In a quick gameplay demonstration we set out in a Cruiser class vessel. Within just 20 seconds we’ve engaged another ship at 13km away, using our long guns to pepper it in the distance. Loading high explosive rounds we engaged a battleship, using our superior maneuverability to dodge the incoming volleys from the steel beast. As we closed distance we opened torpedo ports, causing a semi-circular grid to appear for launching and targeting. Selecting a wide arc, we launched several torpedoes, switching to a torpedo cam as they struck our selected target broadside, sinking her in short order. You are able to tighten this arc for greater lethality, but also allowing it to be widened for a wider shot arc. We got a rough demonstration that light and midsized ships also carry torpedoes as we found ourselves struck by several, sinking our vessel into the deep and closing our demo a bit prematurely. As we all laughed at our accidental misfortune it did demonstrate nicely that, despite an incredible scale and rendering all the way to the horizon, this game features some pretty fast action.

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While we don’t have any sort of release window for the St. Petersberg studio-powered title, the team is very committed to bringing these beasts of steel and gunpowder to life. Just as with their previous games, all ships will be built on actual blueprints of weapons that were either fielded or designed but never released, ensuring as much authenticity as possible. Based on what I’ve seen thus far, they’ve clearly learned a great deal from the launch of World of Warplanes, taking player feedback to heart. We’ll keep you posted as we move closer to leaving port with this already-impressive looking title.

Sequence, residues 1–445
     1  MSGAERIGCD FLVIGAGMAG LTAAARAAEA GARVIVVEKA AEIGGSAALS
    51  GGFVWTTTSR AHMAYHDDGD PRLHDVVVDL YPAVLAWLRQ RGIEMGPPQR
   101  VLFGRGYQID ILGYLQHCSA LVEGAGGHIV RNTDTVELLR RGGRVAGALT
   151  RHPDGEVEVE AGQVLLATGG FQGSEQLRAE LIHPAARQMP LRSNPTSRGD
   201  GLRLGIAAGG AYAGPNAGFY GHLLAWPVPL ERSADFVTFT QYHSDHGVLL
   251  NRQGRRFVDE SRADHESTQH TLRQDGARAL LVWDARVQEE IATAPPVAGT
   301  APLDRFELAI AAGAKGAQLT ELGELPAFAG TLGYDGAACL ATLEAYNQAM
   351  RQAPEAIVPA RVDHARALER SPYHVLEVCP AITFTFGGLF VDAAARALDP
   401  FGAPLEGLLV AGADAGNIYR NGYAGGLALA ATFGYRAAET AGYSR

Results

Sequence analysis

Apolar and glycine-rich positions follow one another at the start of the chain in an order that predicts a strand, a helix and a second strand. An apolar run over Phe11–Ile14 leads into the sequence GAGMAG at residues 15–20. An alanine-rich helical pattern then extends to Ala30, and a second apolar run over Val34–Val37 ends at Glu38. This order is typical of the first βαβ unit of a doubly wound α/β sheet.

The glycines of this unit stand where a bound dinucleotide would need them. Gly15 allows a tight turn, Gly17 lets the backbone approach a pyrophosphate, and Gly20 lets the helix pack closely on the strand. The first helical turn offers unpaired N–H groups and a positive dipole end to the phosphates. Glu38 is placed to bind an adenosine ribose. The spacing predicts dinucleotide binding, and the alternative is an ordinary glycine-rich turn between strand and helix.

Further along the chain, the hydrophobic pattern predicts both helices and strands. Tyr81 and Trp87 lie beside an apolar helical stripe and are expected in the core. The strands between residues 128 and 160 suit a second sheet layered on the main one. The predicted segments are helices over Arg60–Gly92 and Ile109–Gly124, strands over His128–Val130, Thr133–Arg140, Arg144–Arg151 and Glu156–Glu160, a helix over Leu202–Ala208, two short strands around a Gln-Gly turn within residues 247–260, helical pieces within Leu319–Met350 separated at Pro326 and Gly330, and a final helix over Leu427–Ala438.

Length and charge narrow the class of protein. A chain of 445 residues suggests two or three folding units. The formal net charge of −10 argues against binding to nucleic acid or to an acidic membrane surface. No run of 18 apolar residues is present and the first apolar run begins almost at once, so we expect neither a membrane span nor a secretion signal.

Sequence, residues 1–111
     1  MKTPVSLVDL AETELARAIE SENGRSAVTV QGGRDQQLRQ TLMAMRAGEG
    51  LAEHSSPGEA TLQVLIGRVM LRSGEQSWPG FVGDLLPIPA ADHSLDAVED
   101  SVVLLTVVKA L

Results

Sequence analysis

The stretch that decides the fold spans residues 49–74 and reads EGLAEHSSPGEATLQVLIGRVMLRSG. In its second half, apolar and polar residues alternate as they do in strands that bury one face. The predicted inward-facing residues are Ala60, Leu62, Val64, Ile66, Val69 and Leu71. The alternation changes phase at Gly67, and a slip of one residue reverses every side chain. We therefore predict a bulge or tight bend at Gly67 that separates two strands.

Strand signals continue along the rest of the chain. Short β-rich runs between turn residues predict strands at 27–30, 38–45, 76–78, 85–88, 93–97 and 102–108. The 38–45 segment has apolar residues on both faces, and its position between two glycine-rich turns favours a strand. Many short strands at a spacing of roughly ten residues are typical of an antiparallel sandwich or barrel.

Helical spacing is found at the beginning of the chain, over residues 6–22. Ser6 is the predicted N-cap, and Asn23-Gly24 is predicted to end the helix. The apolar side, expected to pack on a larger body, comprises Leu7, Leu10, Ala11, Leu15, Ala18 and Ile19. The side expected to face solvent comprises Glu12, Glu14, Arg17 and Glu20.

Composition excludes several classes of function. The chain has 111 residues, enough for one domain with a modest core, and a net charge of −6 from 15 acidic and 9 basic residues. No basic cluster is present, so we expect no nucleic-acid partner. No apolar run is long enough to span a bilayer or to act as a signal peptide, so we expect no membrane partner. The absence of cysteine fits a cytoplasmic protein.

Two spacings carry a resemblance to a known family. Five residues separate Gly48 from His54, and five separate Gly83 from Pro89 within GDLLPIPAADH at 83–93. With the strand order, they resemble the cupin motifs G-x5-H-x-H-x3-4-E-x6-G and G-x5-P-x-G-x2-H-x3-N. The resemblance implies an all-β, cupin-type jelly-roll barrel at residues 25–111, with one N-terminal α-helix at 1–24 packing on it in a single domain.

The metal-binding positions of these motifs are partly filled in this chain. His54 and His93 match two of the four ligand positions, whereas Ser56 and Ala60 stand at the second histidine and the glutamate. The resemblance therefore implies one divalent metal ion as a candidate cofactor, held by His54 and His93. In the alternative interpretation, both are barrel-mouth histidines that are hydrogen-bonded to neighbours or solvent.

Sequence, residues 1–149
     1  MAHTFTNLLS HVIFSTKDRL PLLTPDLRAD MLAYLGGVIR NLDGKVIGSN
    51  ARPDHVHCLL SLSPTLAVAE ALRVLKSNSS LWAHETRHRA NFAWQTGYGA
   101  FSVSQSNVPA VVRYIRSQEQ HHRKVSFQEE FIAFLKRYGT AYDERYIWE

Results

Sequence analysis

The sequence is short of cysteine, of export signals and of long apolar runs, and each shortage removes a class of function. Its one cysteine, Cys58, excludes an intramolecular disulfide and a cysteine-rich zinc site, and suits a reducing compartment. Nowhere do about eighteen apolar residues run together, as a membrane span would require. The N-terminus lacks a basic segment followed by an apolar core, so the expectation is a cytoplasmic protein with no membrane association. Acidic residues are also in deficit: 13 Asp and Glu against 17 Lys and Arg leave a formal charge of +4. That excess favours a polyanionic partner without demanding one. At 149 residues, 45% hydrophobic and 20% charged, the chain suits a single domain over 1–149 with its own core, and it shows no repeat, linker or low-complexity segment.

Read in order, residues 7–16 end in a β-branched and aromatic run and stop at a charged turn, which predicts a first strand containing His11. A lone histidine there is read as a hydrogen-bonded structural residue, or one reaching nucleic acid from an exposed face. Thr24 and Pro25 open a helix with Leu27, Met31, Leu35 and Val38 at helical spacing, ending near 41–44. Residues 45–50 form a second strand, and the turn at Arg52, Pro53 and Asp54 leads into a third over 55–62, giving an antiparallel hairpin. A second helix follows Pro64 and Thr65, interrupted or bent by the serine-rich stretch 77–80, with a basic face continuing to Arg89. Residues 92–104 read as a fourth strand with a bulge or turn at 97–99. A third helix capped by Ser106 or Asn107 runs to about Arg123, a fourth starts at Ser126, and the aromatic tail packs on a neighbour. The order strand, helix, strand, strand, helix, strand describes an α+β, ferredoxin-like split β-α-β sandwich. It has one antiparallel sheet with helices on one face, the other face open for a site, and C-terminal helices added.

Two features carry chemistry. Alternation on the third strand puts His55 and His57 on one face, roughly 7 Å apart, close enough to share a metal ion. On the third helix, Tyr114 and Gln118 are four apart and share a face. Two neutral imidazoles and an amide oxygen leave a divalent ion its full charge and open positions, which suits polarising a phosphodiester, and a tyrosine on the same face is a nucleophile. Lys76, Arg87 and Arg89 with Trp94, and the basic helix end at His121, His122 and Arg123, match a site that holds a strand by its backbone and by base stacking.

The World of World of Tanks
Before we headed back to the fray of E3 we got to check out some of the upcoming World of Tanks products we can expect very soon, starting with World of Tanks Blitz. This mobile title launched in Europe six weeks ago, immediately roaring to the top of the App Store charts. We went hands-on with the tablet-based app and came away impressed. It’s clear that the bar was set very high for this game as it is essentially World of Tanks but can be taken on the go. Utilizing all of the hard work they’ve put in on the flagship PC and Xbox 360 titles, they’ve brought over 90 tanks to life at launch, delivering graphical quality fairly close to the game running on high detail settings. With an average play time of over 60 minutes per session, it’s clear that they’ve succeeded. The game is coming to the United States after a bit more testing in Europe, and it’ll be free-to-play, so there is literally nothing stopping you from trying it for yourself.

On the Xbox 360 front, World of Tanks has been extremely popular. At over 3.8 million downloads in 86 different countries, roughly 10% of ALL Xbox Live users have played World of Tanks since its February launch. Wargaming has also released their first major content update last week, introducing Soviet steel into the game. With platoons that’ll allow up to 7 of your friends to join as a group coming in an upcoming patch, the team is heavily focused on the Xbox 360. Surprisingly, given that World of Tanks is a primarily digital product, Wargaming is also partnering with retail channels to bring a retail sku to shelves. Rather than just a disc with 7 gigs of data on it, the retail product will also give you an exclusive German Tier 2 premium tank, 200,000 silver, 3 days of Premium status, 1,500 gold, 30 days of Xbox Live, and all at a price less than those items would come in piecemeal.

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Closing things out with the PC, the team at Wargaming are ready to celebrate the World Cup. The April Fools Day video they showed with tanks playing soccer? Yea, that’s a thing now. Launched on the 17th, you’ll be able to play World of Tanks Football through June and July. This mode will be limited to just those two months, so get in there and play some Soccer…er, I mean Football.